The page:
If one thing’s for sure it’s that London Theatreland loves and loves to hate Neil LaBute in just about equal measure. The mere mention of the writer/director’s name - and the misanthropy, misogyny and sometimes shallow provocations associated with his films and plays - is enough to raise the hackles of some. But LaBute clearly has major fans on this side of the pond, judging by the frequency with which his work is staged here. Just opened at the Almeida, Reasons To Be Pretty is the third LaBute play to be seen in London this year, following the Pleasance's revival of his super-controversial 9/11 drama The Mercy Seat and the West End premiere of In A Forest, Dark and Deep, an exceedingly poor and predictable two-hander whose most memorable feature turned out to be the excellent selection of rock songs that rattled the auditorium before the performance proper began.
Though not without its problems, Reasons To Be Pretty is certainly a much more substantial piece of work than was In A Forest... With a title that tips its hat to the Hole song “Reasons to be Beautiful,” the play, first staged in New York in 2008, concludes LaBute’s loose trilogy on contemporary perceptions of beauty, a saga that he began ten years ago with The Shape of Things and continued in 2004 with Fat Pig. The focus this time is on two couples: Greg (Tom Burke) and Steph (Siân Brooke) and Carly (Billie Piper) and Kent (Kieran Bew), and the fall-out from Greg’s observation that, unlike that of a new work colleague, Steph’s face is just “regular.” That comment, reported to Steph by Carly, becomes the catalyst for a breach between Steph and Greg, while Kent pursues an affair with said work colleague, gradually arousing the suspicions of his pregnant wife.
A seasoned director of LaBute’s work, Michael Attenborough delivers a crisp, clear production here, with the snappy scenes playing out on a neat revolving trailer set by Soutra Gilmore and punctuated by lovely blasts of Queen. Proceedings start out shrill - with a bedroom barney so ostentatiously attention-grabbing that you may find yourself switching off in protest - but get subtler as the drama progresses. The tone is, ultimately, less acrid than that of much of LaBute’s output, with some surprising swerves into tenderness in the second half. If a certain shallowness and obviousness still lies at the heart of the material it may be due to LaBute’s tendency to put generalisations about male and female behaviour into the mouths of his characters (“I don’t know why God had to make it so hard to trust you guys!” wails Carly at one point) and pass them off as rude truths.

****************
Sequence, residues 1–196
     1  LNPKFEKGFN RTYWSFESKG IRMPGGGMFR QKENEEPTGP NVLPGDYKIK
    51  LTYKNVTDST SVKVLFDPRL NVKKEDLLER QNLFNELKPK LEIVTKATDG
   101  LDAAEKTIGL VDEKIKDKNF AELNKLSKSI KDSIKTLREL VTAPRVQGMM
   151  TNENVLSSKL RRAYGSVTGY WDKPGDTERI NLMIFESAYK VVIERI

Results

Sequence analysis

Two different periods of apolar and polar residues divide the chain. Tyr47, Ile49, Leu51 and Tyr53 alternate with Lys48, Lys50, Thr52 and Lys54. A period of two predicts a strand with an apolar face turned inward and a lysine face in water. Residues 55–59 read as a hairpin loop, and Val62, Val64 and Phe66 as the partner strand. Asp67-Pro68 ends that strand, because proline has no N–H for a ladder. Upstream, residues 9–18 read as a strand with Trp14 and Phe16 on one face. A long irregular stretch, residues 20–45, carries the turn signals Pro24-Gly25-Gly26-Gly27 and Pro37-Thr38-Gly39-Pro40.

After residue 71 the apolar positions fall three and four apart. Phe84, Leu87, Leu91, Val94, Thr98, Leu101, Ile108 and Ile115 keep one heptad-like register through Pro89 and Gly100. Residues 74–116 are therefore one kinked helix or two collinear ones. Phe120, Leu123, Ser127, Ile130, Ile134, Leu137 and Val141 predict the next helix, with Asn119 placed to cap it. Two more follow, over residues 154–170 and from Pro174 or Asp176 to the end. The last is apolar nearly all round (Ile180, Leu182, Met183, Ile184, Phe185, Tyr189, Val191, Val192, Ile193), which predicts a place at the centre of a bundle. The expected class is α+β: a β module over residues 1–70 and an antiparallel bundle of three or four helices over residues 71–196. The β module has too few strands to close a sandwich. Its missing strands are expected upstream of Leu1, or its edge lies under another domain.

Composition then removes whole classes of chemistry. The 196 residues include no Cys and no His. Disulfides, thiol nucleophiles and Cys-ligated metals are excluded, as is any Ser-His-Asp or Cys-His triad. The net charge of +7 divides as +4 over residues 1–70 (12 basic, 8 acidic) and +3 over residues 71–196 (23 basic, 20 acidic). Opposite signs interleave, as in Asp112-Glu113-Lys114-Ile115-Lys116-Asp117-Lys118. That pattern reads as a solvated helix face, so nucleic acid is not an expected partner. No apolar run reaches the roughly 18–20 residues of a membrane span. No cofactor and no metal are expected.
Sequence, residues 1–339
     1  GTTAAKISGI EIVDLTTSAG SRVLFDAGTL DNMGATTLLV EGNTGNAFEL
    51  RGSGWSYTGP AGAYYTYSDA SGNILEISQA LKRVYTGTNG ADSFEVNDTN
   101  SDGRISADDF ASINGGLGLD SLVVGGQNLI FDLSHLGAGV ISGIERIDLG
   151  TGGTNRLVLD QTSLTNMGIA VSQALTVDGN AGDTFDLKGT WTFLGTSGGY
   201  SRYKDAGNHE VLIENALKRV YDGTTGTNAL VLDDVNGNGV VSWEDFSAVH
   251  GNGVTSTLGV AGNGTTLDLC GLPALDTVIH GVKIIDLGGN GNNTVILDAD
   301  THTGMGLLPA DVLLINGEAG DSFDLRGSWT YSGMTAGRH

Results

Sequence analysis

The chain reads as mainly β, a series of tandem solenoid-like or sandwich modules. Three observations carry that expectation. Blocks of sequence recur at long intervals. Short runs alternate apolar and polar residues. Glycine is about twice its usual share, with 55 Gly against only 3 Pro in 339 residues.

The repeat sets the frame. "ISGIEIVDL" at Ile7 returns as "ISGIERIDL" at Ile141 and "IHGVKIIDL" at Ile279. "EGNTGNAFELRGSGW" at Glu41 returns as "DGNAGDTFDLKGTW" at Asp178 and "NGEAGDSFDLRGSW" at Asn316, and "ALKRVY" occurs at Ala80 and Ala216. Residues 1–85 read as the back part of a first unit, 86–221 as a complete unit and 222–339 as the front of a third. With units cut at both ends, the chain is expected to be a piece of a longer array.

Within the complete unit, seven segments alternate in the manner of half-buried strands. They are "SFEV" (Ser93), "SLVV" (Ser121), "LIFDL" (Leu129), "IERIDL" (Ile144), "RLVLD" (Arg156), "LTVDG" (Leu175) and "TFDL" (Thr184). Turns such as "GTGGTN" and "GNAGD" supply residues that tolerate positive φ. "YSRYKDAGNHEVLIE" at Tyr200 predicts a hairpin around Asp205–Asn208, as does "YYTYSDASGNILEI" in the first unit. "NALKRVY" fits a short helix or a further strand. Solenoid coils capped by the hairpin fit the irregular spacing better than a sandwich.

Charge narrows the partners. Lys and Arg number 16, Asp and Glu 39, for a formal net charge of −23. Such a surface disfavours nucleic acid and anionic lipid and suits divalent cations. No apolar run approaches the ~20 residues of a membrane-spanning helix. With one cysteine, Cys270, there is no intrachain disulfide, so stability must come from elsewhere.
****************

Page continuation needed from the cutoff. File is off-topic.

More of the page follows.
Though the play feels a little under-populated, the performances that Attenborough has elicited from his quartet are mostly winning. Tom Burke charts Greg’s growth in awareness and conscience with compelling understatement. Playing an archetypal LaBute male - a smugly self-satisfied dumbass and perennial jock - Kieran Bew comes through with a vital, funny, lewd caricature. But Billie Piper delivers the most surprising performance of the evening, managing to quietly turn her security-guard Carly - variously perky, vulnerable and shrewd - into the heroine of the play. Piper's scenes with Burke were the highlights of the production for me, tracing a compelling arc from hostility to complicity that I found far more affecting than the trajectory of Greg and Steph’s relationship.
I must admit to not enjoying Siân Brooke as Steph so much. Thought and hard work have clearly gone into the performance, but Brooke is so full-on in some scenes - and lays so heavily and affectedly into her Yank twang - that she’s an off-putting presence most of the time. It doesn’t help that Steph seems, in some ways, the most poorly-conceived role of the four, a part that’s overly reliant upon undistinguished profanity masquerading as devastating invective, and that’s also the subject of LaBute’s sickliest assumption: that a woman’s self-esteem is entirely contingent upon the way in which a man views her. (What the play seems to lack - and might, I think, benefit from - is a strong scene between Steph and Carly that gives us some perspective on their relationship and perhaps another perspective on Steph as well.)
In spite of this, Attenborough’s production amounts, overall, to an entertaining and enjoyable evening. LaBute fans will of course need no encouragement at all to check out the writer’s latest dispatch from the sex war. But even those who may have felt that they’d had their fill of LaBute should find some very good reasons to enjoy Reasons To Be Pretty.
The production runs for 2 hours 10 minutes and is booking until 14th January. Further information at the Almeida website.